SoCS: Cookie Monster

When her daddy was here in August, ABC started doing crafts with him – or, at least, she was crafting-adjacent.

One of the things they made was Cookie Monster’s head, made from a white paper plate painted blue with big eyes and mouth made of construction paper and glued on.

It’s pretty adorable!

Before he went back to London, E, L, and ABC went on a trip to Sesame Place. There, ABC got to see the characters perform, as well as go on rides and to the water park. She loved it! It was nice for them to get to go on a little family vacation, something that will get much easier once E’s visa comes and they finally get together permanently in the UK.

We will have to figure out what to pack for ABC for London. I think one thing that will get to go with her will be the (incredibly soft) Cookie Monster that they brought home as a souvenir from Sesame Place. It is a special edition for the 50th anniversary of Sesame Street this year. Of course, there will be Sesame Street in the UK, too, but Cookie Monster will be a wonderful reminder of her US home where Sesame Street began.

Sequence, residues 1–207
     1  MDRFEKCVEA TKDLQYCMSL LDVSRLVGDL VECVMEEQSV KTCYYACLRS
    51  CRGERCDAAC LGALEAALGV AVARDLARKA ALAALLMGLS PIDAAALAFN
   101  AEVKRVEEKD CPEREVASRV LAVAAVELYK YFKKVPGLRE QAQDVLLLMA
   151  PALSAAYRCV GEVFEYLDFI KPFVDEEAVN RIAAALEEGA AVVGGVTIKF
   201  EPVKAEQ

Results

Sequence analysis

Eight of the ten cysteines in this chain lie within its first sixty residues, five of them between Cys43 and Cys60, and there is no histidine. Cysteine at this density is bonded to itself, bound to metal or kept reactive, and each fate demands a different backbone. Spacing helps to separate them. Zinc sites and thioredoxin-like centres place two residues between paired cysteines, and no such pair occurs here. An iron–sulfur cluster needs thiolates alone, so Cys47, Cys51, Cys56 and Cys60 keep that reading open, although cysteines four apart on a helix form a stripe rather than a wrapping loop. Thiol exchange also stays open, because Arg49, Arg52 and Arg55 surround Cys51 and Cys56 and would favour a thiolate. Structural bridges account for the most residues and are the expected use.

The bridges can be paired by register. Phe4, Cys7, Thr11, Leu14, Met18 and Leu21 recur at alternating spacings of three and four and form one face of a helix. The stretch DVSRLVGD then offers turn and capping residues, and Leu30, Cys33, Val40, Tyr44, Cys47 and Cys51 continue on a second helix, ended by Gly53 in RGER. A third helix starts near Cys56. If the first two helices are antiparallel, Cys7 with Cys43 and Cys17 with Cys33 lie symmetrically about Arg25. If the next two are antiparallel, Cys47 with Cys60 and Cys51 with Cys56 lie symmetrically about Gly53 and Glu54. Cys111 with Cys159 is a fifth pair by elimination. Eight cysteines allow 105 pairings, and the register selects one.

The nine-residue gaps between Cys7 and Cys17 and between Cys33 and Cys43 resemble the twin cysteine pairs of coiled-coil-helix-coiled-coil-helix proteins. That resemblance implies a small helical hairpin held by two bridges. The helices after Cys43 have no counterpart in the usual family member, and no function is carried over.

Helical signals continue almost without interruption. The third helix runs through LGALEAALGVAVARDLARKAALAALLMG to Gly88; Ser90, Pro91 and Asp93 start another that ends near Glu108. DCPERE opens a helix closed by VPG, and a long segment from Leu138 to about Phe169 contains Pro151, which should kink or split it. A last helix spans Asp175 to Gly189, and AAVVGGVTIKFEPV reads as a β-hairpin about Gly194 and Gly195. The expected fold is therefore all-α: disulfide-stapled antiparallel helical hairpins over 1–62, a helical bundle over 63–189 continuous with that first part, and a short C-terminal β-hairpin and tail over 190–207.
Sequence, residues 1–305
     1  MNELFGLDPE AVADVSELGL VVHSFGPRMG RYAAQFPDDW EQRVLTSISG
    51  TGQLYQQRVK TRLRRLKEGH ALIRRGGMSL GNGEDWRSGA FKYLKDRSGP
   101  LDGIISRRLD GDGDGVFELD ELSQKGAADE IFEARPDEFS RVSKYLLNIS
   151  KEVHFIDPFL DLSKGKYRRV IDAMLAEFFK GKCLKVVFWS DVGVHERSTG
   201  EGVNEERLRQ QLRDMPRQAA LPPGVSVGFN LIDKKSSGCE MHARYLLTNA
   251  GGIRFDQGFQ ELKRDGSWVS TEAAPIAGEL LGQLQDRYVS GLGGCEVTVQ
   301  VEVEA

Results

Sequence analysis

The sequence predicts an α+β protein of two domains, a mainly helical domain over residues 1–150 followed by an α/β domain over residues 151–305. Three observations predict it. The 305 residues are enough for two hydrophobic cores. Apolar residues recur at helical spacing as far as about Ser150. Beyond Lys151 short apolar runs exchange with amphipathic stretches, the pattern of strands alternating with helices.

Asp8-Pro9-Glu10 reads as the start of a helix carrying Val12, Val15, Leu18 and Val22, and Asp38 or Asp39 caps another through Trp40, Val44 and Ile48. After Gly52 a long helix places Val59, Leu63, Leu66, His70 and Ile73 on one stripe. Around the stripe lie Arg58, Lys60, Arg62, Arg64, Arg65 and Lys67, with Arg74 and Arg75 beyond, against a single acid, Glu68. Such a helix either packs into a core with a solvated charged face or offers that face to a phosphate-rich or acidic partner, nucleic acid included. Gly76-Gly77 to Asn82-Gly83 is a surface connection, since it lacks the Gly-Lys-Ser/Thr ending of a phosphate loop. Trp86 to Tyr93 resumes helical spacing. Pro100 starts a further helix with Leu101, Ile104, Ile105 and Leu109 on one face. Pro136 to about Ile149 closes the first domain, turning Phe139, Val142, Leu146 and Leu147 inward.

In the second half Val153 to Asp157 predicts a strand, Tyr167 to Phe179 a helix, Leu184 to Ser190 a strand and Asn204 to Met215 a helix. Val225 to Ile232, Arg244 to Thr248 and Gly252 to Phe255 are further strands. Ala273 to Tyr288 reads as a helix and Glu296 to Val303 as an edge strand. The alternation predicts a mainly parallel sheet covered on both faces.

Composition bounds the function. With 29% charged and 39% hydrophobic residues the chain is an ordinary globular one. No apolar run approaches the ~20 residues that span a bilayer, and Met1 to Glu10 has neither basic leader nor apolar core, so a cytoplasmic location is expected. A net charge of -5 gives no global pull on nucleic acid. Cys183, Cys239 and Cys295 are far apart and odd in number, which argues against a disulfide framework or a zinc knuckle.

Linda’s prompt for Stream of Consciousness Saturday this week is to write about the first blue object we see when we sit down to write. Join us! You can find out more here:

Author: Joanne Corey

Please come visit my eclectic blog, Top of JC's Mind. You can never be sure what you'll find!

6 thoughts on “SoCS: Cookie Monster”

  1. Our whole family loved Sesame Street when the kids were little. What a wonderful show! My son had a stuffed “Big Bird” that he took to day care with him for comfort. He’s in his 30s now and that same Big Bird was rescued from the attic and lives in his daughter’s room. Thank you for these sweet memories!

    Liked by 1 person

    1. You’re welcome! Sesame Street was a staple on television when my daughters were little, as well as the source of many singalongs with cassette tapes or at the piano. It has changed a lot over 50 years as more and more research has been done and as the show has become geared for a slightly younger age group. Much of Sesame Street is now experienced online. The television show is only 30 minutes now and the episodes air first on HBO and then later on PBS. I admit that the change to HBO makes me sad, but the show probably wouldn’t have made it to fifty years without their financial backing.

      Liked by 1 person

      1. I wondered why it was only 30 minutes when I watched it with my granddaughter. Well, I’m glad it’s still around. Back when my kids were little was when Maria and Luis were dating. If one of us parents missed an episode, we’d ask the other parent what happened with Maria and Luis. They were like extended family.

        Liked by 1 person

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